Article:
ARTIFICIAL lighting is an exceedingly important subject, and yet, in many households, it seems to be ignored in inverse ratio to its importance, of course with deplorable consequences.

The whole subject falls naturally into two divisions

(1) fixed lighting, whose arrangement consti-stutes a part of the fixed decorations and is architectural rather than otherwise in its affinities; and (2) portable lighting, which belongs wholly in the realm of furnishing. The former, as its nature implies, is largely determined by the architectural character of the background, first as regards pattern, material and scale of the equipment, and second, as regards the placement of lighting appliances. The latter admits of almost unlimited latitude in placement, in the selection of divers types of appliance and in the choice of illuminating medium.

Whether the lights be fixed or portable, certain general principles obtain, almost without exception, and these principles must be carefully observed. To begin with, under ordinary circumstances a blazing glare is painful to the eyes as well as ugly and disastrous to the aspect of any room, even though it be well furnished. A number of dim or subdued lights, therefore, are infinitely preferable to one or two powerful, glaring lights. The diffused glow from the more numerous and mellower lights is vastly more comfortable to the eye and more kindly to the furnishings. In the next place, it is both unreasonable and uncomfortable either to have one or two blazing illuminations in proximity to the ceiling or to have a number of less vigorous luminaries lighting the upper part of the room and leaving the lower in gloom. Likewise, the various methods of indirect lighting, although purposely de*-vised to eliminate glare and secure diffusion, which they often do admirably, nevertheless throw most of the light on the ceiling. This does very well for public places, but is usually objectionable and ugly in a house. It is not necessary, nor in many cases would it be desirable, to have the artificial light fall from precisely the same quarter as the light by day, but it is highly desirable and eminently logical to have the light at night coming from approximately the same level as the daylight and to illuminate, not the ceiling, but the region of the room humanly inhabited.

With the foregoing dicta the illuminating experts and fautors of sundry approved modern and ultra-scientific lighting systems, aye, and various doctors to boot, will probably take serious issue and promptly adduce fifty-seven different reasons to prove that they are right and we are wrong. To their accusations we cheerfully answer that their "systems," their inverted appliances and their fiercely illuminated ceilings blazing above a substratum of milder effulgence may be all very well for offices, shops, auditoria and railway stations - doubtless they are - but we humbly submit that our homes are none of these nor can we, for the life of us, see why we should seek to introduce the atmosphere of those places into our domestic, circle.

In the third place, the quality and intensity of the artificial light must also be taken into account. It should not be harsh nor sharp in effect nor of such intensity as to distort the relative values of illumination and shadow. Above all, the colour of the rays must not be of a character to falsify or kill the colours in the furnishing. Mellowness is the chiefest desideratum in domestic lighting, save in such exceptional cases as ball-rooms or salons upon occasion of large and somewhat formal gatherings, when brilliancy is not only quite permissible but often distinctly desirable.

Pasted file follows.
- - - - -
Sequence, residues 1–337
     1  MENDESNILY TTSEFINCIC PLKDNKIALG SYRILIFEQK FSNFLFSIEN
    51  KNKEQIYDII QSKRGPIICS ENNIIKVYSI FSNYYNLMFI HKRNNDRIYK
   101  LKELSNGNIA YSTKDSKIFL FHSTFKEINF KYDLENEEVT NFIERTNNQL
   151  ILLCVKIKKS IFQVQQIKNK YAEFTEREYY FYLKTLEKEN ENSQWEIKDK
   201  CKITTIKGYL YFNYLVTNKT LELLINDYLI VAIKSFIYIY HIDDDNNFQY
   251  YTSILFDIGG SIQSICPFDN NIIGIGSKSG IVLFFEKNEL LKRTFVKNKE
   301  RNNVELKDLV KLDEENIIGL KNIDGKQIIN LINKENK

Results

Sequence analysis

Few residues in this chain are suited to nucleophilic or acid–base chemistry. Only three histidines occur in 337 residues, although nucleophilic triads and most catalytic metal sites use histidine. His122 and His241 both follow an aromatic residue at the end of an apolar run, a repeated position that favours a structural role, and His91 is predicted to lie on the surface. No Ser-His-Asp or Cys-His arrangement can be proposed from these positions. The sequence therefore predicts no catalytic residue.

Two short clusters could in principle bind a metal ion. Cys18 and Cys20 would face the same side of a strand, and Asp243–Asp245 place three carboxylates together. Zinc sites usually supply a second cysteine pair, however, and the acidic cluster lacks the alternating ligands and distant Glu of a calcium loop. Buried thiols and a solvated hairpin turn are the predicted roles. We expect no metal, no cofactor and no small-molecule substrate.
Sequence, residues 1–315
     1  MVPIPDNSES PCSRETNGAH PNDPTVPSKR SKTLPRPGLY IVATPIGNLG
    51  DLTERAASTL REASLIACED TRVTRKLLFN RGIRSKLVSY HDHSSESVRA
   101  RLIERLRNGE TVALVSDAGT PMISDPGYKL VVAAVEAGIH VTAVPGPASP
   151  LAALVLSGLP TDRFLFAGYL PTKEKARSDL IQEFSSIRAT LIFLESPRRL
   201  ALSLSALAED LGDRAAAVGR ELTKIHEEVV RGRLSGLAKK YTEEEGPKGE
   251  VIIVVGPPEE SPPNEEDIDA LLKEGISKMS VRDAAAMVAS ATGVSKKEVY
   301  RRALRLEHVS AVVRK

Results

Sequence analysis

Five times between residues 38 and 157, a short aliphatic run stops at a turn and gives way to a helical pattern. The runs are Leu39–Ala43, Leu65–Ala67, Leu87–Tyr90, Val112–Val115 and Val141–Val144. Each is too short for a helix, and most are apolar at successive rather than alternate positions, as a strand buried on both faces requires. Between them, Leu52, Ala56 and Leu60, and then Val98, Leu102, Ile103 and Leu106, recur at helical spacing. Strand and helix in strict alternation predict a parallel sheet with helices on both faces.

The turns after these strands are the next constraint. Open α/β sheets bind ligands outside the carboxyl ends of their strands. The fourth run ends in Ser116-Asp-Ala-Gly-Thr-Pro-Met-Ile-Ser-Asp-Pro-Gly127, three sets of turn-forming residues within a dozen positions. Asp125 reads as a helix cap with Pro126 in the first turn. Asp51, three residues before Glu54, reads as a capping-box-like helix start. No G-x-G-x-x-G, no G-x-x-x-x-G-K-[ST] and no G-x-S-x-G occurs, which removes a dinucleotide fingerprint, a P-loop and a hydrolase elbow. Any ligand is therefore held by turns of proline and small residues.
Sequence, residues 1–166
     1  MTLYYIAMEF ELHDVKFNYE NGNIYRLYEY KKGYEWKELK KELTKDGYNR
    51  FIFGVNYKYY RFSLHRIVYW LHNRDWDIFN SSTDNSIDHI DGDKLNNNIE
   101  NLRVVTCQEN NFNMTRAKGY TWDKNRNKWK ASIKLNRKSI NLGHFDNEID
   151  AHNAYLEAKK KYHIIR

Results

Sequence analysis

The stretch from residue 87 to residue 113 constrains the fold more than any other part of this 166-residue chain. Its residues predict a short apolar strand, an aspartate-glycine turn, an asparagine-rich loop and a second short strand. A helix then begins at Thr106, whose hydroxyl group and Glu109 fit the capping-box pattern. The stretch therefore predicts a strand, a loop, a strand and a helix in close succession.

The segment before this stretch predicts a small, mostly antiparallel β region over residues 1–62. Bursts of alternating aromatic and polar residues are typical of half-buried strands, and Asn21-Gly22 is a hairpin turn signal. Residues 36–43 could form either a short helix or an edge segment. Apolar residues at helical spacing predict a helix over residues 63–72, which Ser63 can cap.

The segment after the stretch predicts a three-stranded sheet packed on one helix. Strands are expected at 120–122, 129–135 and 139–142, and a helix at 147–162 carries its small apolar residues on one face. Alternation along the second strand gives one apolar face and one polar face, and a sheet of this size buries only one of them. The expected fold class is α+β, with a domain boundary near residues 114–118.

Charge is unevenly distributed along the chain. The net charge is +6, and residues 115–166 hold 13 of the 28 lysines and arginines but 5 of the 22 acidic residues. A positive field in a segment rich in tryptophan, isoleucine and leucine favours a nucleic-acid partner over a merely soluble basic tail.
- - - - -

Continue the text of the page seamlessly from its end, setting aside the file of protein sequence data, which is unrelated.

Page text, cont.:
The illuminants to be considered upon grounds of decorative desirability or expedience are candles, oil, gas and electricity. Of these, the first most completely fill all the ideals of quality just mentioned. There is no light so restful and agreeable in quality to the eye as candle light and no light is kindlier to the appearance of a room. The radiance is mild and diffused, shadows are not cut sharp and exaggerated, and the colours in furniture and decorations are not outraged. Incidentally, it may not be amiss to note that ladies are well aware that they appear to greater advantage in the glow of candles than by any other light.

Candles as a means of lighting are perfectly pracr-ticable. The only possible objections that can be urged against them with any show of validity are cost and bother. Neither obstacle is very serious; the former can be ingeniously circumvented, if necessary; the small amount of the latter is not worth considering if one values the agreeable effect of their rooms. "Wax candles, of course, are desirable, but stearic acid candles and other substitutes for wax are thoroughly satisfactory for general use.

It is well to have a good broad glass bobeche for each candle socket. Any drippings can then be easily removed without dirt or trouble. As a rule, the use of shades on candles is finically effeminate, foolish, fussy, reprehensible and anomalous. A candle is, in itself, an object of grace and beauty, but its chaste and dignified simplicity of line is marred and hidden when its shaft is surmounted with a top-heavy, frilly contrivance resembling an abbreviated ballet skirt. Upon the making of such shades entirely too much valuable energy is wasted. The flame of the candle, too, is an essential part of its beauty and ought not to be concealed. Its gleams are not distressing to the eye if the candle is of proper height and properly placed. For the dinner table use tall candles, tall enough to keep the flame above the level of the eye. For the library, living-room or drawing-room, sconces will be at a sufficient height and portable candles may be so disposed on mantels, the tops of bookshelves, tables or cabinets that the flames are comfortably above eye level. Using no shades and keeping the flame a little above eye level is one of the secrets of successful candle use.